“This is a phenomenal compilation.
Brilliant, powerful, reflective music.”
Adapted from Music Entertainment Webzine Musician Kyle Pederson has a distinct-sounding gift to give this holiday season -- a new solo piano album of classic Christmas hymns arranged in ways never heard before. Imagine an album of beautiful, mesmerizing piano soloing where familiar melodies drift through as if on a gentle breeze, reviving memories, but at the same time part of a new listening experience. That is the essence of the recording titled 12.25. “With these Christmas tunes, I knew I wanted to do something unique,” says Pederson, “I felt the best way to make this music interesting and original would be [more]
12.25, Kyle's second album, is centered on well-known carols that are adapted with mastery and technically sound like perfection. "Renewal" was his first album, where Pederson was dedicated exclusively to hymns and with a style very similar to Jim Brickman or Lorie Line. In this latest work, Kyle combines two styles that personally get passionate to me, the originality and the technique, things that makes a difference in an album and manage to shake the listener. The surprise is capital when he appears with "O Come O Come Emmanuel" (in order it is the first on the CD), a piece [more]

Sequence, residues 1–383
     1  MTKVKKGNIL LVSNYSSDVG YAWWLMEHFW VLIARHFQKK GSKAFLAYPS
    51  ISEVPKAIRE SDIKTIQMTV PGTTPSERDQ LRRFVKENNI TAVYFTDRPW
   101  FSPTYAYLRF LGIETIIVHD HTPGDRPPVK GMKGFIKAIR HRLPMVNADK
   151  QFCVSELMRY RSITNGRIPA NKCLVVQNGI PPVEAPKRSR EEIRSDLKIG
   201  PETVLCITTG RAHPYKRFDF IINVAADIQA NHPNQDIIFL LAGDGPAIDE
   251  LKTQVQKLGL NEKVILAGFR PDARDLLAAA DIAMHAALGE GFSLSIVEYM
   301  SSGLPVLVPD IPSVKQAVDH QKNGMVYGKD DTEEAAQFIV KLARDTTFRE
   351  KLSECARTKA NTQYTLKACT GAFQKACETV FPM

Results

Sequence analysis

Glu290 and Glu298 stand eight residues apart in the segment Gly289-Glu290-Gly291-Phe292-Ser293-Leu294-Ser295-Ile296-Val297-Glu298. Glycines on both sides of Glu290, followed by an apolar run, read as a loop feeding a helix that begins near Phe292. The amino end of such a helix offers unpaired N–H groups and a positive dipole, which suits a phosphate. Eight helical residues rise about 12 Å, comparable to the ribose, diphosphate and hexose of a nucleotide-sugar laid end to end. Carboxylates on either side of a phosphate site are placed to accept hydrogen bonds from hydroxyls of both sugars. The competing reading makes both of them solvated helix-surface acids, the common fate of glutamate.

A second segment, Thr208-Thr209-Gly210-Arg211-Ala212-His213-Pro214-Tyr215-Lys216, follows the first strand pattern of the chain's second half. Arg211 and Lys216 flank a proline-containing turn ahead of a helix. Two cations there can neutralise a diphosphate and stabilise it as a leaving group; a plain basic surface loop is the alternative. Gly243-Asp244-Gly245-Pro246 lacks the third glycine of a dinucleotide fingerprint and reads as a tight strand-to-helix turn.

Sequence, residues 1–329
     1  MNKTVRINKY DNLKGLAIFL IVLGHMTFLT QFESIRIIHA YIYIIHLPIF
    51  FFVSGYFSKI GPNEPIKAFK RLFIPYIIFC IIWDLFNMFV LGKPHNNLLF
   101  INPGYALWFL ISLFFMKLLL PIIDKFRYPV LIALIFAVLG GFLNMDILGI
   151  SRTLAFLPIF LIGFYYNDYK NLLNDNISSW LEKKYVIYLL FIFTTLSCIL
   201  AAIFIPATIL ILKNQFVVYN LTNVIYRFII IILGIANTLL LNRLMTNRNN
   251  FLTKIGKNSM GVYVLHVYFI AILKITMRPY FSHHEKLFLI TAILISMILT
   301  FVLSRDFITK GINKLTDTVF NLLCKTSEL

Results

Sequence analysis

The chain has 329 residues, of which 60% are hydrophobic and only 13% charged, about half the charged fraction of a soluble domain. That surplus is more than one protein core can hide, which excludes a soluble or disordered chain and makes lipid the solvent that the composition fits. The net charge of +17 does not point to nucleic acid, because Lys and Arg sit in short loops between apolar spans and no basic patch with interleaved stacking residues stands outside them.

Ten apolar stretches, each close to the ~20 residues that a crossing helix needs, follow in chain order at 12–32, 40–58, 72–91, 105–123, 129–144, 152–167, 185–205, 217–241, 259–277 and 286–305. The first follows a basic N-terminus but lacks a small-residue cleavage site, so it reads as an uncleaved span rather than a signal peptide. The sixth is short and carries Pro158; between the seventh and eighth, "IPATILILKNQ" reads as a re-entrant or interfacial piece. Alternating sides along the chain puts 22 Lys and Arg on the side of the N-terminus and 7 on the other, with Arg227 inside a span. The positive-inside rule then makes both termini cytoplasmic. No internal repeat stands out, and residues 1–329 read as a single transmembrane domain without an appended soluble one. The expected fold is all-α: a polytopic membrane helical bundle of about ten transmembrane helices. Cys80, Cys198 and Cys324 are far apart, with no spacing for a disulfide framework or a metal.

Pederson has delivered a refreshing and interesting touch to the traditional Christmas collection of hymns known and loved by many in this his second album of “church classical” hymns. Bringing a classical touch combined with the more alfresco elements, even a little impromptu jazz can be discovered, which comes from recording in a church, rain falling in a torrential deluge during recording and a sometimes quirky beat being applied, this is an album which will and should be enjoyed by all, even the traditionalists. Taking each track, some better known than others and treating each piece as if it is a completely [more]
The Christmas music from the new Kyle Pederson CD called 12.25 is unique in that he took traditional church carols from the past several hundred years and wrote his original music around those traditional melodies. There is precedent for this, of course. Even Bach and Wagner (and many other Germans and Austrians, especially, over the past 200 years) took old vocal numbers that had been passed down in the aural tradition, and they put new piano or organ arrangements behind them. But in the modern era, this is a fairly unique holiday album because Pederson has surrounded a bunch of classic [more]